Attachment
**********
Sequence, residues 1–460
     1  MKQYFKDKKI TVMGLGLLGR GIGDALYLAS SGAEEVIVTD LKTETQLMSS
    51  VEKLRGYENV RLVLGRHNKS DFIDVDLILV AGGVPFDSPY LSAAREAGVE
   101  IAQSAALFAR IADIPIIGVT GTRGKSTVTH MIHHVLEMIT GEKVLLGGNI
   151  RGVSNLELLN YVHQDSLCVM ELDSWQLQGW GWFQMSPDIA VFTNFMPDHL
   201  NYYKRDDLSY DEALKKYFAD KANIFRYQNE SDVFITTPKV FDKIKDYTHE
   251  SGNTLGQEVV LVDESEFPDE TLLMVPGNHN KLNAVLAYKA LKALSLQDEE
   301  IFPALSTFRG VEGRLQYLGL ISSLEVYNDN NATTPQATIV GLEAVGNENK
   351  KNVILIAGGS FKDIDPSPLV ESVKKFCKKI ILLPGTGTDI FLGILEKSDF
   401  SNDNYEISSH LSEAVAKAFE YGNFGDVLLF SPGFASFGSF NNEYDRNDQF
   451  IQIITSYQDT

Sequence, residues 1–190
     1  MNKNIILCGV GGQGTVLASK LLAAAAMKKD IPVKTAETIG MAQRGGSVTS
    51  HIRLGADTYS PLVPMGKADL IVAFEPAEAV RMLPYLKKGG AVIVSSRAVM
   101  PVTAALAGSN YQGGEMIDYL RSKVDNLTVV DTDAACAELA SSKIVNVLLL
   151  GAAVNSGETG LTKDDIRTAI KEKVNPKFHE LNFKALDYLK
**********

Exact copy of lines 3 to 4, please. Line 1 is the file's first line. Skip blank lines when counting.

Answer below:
    51  VEKLRGYENV RLVLGRHNKS DFIDVDLILV AGGVPFDSPY LSAAREAGVE
   101  IAQSAALFAR IADIPIIGVT GTRGKSTVTH MIHHVLEMIT GEKVLLGGNI